July 20, 2011


The expedition team where up with the sun on day 4, ready for a day full of discoveries. A sense of hope grew from the knowledge that the previous afternoon’s dives showed improved reef health. The goal for today’s dives was to find more sections of the surrounding reef that would showcase the healthy examples of corals that the expedition had expected to see in this remote location.

Dr. Earle and her camera rig, (c) Kip Evans Photography

Dr. Earle, who previously spoke of reasons of hope for the reefs here at Swan Island, describes what she saw on today’s inspections of the reefs:

“Today I was able to find some patches of coral that looked really healthy, and that’s cause for hope, because if there are some that are in reasonably good condition, it means that restoration could follow…

When we had a chance to dive in and look around a little more today, there were a number of people exploring – the more eyes the better. It was great to have Wolcott Henry come back with a report of finding a goliath grouper. That’s a really great sign of good health. A nurse shark was also spotted today… I saw one rather large school of surgeon fish, maybe forty or fifty individuals. The ones I’ve seen before were mostly solo, and this was a normal healthy pack. They moved through like a herd of cows. They are grazers after all, and they’ve got plenty to eat here, I dare say. That too is a great sign of hope.”

Also joining Dr Earle was board member Shari Sant Plummer who had the good fortune to spot three squid on an earlier dive.

Caribbean squid observing the photographer, (c) Shari Sant Plummer
Dr. Melanie McField and Dr. Earle, (c) Kip Evans Photography

Dr. Melanie McField joined Dr. Earle for an inspection of the reef and echoed her positive perspective:

“This reef that we found right by the ‘Channel,’ just in front of the ‘Little Swan’ Island, looks a lot better. There’s a ton of endangered (Agripora cervicornis) staghorn coral globally. It’s a Caribbean species, but this is a really nice example of large fans, in pretty good condition, and it’s covering an extensive section of the reef.”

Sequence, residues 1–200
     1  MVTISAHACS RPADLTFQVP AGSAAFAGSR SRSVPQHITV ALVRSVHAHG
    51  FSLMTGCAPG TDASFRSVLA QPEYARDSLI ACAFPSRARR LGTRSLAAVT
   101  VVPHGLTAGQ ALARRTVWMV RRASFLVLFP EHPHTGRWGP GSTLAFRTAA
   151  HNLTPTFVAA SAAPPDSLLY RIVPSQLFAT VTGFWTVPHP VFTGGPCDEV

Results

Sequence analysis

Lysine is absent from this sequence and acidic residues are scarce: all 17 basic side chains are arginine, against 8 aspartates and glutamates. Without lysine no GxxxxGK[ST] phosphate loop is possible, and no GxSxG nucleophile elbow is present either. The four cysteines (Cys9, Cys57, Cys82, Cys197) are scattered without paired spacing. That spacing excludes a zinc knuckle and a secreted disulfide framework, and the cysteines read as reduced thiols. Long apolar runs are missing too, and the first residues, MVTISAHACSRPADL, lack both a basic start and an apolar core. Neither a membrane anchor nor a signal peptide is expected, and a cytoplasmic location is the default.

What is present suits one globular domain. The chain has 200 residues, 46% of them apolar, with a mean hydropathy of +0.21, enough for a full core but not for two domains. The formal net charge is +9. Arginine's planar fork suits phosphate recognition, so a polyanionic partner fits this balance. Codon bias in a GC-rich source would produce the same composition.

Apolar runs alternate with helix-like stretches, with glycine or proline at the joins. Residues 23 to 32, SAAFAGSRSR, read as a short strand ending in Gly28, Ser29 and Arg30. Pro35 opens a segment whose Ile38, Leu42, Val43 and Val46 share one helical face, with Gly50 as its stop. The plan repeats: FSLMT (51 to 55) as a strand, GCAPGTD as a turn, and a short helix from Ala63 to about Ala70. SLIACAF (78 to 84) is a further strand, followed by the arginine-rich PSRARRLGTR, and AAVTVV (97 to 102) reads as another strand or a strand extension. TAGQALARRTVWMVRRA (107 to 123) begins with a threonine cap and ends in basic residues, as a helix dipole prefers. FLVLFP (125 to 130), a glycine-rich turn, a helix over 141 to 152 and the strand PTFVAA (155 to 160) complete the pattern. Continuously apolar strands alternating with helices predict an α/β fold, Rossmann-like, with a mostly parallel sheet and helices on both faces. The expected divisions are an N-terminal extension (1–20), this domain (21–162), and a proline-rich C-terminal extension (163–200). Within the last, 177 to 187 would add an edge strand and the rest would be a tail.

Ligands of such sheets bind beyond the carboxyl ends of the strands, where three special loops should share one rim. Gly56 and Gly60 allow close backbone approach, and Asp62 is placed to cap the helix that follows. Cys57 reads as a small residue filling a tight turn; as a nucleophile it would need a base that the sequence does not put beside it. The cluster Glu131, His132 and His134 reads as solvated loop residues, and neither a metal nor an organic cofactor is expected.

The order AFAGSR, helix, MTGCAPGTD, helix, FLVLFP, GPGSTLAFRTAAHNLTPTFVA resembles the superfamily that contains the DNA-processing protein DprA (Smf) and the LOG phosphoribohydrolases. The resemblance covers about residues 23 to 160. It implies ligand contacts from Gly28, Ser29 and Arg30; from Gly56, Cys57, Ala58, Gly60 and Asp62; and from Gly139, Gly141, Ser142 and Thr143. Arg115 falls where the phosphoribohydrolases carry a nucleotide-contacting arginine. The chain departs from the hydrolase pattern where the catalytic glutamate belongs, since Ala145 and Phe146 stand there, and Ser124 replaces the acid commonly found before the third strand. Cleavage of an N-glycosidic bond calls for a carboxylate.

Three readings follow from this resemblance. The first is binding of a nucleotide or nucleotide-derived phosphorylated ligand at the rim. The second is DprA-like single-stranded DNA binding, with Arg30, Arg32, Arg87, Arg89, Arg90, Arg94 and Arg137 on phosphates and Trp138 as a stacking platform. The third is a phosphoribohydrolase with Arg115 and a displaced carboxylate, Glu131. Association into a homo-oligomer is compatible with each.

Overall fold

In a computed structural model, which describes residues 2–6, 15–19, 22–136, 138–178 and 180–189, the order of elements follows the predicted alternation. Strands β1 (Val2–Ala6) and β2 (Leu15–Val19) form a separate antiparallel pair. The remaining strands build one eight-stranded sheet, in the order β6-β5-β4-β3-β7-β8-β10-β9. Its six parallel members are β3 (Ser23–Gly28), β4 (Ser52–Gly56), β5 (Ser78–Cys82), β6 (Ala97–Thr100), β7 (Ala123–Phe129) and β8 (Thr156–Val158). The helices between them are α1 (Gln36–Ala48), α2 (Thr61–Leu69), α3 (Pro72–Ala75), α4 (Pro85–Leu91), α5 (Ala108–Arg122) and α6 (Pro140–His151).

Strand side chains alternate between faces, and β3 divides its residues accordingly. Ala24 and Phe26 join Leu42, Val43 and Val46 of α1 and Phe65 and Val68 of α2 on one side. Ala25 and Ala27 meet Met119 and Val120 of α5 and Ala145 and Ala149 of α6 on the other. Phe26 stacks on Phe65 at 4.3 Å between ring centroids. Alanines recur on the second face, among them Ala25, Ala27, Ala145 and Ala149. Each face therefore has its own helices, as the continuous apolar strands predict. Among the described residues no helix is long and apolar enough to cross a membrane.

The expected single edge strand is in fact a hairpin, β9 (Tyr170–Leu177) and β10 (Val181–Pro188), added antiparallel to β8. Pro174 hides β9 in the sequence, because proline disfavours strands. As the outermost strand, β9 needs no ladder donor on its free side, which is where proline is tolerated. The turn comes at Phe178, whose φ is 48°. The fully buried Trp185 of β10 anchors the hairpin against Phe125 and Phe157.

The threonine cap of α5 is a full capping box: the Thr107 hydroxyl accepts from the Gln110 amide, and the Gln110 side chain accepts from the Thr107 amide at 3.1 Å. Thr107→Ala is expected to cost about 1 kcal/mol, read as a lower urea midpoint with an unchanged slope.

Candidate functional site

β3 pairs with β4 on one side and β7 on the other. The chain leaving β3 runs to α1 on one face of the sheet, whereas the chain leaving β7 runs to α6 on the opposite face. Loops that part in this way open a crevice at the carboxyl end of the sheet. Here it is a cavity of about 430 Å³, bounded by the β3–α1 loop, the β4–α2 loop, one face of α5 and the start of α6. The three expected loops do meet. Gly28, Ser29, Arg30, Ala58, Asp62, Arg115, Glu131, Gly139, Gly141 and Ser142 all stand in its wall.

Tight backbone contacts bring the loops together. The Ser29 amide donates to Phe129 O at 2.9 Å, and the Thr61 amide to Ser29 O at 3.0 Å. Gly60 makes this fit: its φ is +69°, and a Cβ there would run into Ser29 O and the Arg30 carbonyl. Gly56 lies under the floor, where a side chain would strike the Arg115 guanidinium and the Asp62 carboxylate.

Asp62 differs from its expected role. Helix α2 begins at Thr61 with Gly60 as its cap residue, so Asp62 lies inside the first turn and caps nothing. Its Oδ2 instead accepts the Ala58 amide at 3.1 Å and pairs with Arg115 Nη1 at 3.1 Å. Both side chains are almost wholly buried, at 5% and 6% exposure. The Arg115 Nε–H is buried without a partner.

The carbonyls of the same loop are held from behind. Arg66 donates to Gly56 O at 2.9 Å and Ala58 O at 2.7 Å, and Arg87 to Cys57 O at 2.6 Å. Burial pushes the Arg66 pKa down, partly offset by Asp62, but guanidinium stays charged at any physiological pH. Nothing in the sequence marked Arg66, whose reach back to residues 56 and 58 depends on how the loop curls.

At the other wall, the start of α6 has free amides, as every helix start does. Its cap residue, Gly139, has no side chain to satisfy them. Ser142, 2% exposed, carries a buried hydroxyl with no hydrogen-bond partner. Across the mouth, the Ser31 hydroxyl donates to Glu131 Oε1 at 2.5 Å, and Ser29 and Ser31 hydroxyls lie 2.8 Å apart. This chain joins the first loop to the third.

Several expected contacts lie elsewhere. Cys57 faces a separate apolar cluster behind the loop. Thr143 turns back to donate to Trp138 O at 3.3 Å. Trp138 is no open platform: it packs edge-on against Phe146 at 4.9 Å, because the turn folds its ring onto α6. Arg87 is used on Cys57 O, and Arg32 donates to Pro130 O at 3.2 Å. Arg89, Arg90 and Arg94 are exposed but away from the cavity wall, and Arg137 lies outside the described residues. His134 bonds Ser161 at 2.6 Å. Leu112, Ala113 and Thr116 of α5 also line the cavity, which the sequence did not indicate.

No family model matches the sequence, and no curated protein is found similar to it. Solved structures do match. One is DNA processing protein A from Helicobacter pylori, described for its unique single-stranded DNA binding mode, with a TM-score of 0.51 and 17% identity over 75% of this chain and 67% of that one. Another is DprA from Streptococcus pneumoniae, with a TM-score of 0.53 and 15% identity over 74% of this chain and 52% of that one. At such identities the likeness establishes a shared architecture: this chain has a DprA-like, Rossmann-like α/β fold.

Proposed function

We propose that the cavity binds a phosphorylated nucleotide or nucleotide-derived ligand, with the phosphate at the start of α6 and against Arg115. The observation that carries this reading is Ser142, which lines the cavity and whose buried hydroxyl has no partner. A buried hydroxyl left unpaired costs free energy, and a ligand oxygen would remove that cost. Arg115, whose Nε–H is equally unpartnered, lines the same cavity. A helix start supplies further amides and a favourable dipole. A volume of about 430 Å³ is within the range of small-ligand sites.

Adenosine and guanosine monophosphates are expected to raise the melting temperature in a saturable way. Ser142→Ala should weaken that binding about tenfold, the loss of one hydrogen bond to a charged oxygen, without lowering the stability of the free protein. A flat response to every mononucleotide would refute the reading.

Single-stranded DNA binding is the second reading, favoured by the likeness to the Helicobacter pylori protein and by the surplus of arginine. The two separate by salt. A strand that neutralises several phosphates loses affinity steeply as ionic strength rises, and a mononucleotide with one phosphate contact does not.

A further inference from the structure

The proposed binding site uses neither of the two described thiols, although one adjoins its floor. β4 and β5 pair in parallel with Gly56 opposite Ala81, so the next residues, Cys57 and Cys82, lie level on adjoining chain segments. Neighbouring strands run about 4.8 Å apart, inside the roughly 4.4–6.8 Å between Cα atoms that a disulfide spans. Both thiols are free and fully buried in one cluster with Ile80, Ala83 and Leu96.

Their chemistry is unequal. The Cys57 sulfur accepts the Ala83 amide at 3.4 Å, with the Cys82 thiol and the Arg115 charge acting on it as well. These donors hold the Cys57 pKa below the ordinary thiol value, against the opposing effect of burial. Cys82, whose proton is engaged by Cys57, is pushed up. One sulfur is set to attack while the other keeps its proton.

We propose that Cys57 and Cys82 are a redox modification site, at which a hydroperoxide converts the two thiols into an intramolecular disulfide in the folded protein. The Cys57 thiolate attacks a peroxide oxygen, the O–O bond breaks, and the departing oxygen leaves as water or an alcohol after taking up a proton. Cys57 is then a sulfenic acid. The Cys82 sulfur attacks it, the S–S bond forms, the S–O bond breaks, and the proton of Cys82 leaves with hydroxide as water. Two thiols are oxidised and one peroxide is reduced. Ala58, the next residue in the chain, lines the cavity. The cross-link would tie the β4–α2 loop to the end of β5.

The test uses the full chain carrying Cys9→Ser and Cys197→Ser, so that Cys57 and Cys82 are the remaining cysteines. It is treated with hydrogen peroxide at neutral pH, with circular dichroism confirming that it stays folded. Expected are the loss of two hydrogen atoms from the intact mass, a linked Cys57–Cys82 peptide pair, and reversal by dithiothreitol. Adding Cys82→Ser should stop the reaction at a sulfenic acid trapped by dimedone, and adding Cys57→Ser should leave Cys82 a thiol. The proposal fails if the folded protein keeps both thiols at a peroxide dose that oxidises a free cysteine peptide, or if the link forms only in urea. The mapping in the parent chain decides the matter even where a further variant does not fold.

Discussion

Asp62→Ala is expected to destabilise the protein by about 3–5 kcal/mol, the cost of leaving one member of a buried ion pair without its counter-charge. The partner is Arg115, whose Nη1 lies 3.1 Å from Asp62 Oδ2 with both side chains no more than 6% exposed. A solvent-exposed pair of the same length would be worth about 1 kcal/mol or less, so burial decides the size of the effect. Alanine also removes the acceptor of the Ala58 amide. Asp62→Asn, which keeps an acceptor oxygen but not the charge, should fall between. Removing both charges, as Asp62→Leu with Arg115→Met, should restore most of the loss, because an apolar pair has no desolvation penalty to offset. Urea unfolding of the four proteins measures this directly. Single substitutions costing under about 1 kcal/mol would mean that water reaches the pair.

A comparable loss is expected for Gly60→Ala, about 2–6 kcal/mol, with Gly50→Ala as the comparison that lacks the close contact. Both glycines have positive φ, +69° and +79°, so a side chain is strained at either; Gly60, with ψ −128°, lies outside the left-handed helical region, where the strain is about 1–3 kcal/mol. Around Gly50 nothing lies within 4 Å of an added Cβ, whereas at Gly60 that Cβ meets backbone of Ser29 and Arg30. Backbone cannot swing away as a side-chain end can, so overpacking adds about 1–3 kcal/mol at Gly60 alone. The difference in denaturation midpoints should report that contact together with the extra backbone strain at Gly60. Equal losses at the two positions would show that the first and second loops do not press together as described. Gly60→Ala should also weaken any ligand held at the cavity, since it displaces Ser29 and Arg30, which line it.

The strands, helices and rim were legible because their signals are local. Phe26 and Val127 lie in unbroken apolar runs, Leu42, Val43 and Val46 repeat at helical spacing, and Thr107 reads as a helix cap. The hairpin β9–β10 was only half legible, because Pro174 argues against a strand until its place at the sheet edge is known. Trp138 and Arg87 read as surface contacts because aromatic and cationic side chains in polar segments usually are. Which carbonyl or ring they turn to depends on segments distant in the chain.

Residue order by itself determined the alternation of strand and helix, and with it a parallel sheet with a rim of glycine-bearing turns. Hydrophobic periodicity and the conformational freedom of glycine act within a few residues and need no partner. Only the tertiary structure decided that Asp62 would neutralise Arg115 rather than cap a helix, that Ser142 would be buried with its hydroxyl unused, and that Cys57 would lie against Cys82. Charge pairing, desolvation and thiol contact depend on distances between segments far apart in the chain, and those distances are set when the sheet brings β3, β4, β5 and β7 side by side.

Staghorn Coral is critically endangered and the team was delighted to find large stands
in various size of development, (c) Kip Evans Photography

McField continued, “It also has a few large clumps of the (Agripora palmata) elkhorn coral which also looked pretty healthy. And there were a lot of juvenile fish, not too many big fish, but a few. Some of the others saw the big goliath grouper and we had a huge barracuda following us. There are still some fish here and if we had full protection out here these could reproduce, repopulate and replenish this area.”

Elkhorn Coral, an endangered species, a welcome sight on our 4th dives of the expedition,
(c) Kip Evans Photography

“I think what we saw today was really how the whole island marine ecosystem looked,” McField reported, “What I’ve been noticing is mostly hurricane damage.This is an interesting case, because it’s not the anthropogenic factors that we usually see of nutrient runoff, or damage from fishing and anchors, and dynamite fishing, and that kind of thing. That’s usually what you see with the coral rubble we saw on the first day. I’m thinking these spots were protected from the storms. Almost every single hurricane that has gone through the Caribbean has gone across Swan Island. It’s amazing that there’s anything at all…”

A trumpet fish hiding among staghorn coral, (c) Shari Sant Plummer

“The stand of staghorn coral we’ve seen is really encouraging. That was really beautiful. Within that I saw a lot of things like trumpet fish, cleaner shrimp, lobster, parrotfish, angelfish, butterflyfish, All the species you’d expect on a reef like this. If we can figure out who’s been fishing here and stop that I think we would have a pretty good chance of recovery.”

Cleaner shrimp patiently waiting for their next client, (c) Shari Sant Plummer

What has become clear in speaking to our team members is that because of their location, the Swan Islands will always have to endure a number of natural challenges. However it is the human influences that these Islands must be protected from and with some help, as Sylvia is so fond of saying, “There is reason for hope.”

Text by Dustin Boeger
Photography by Kip Evans and Shari Sant Plummer


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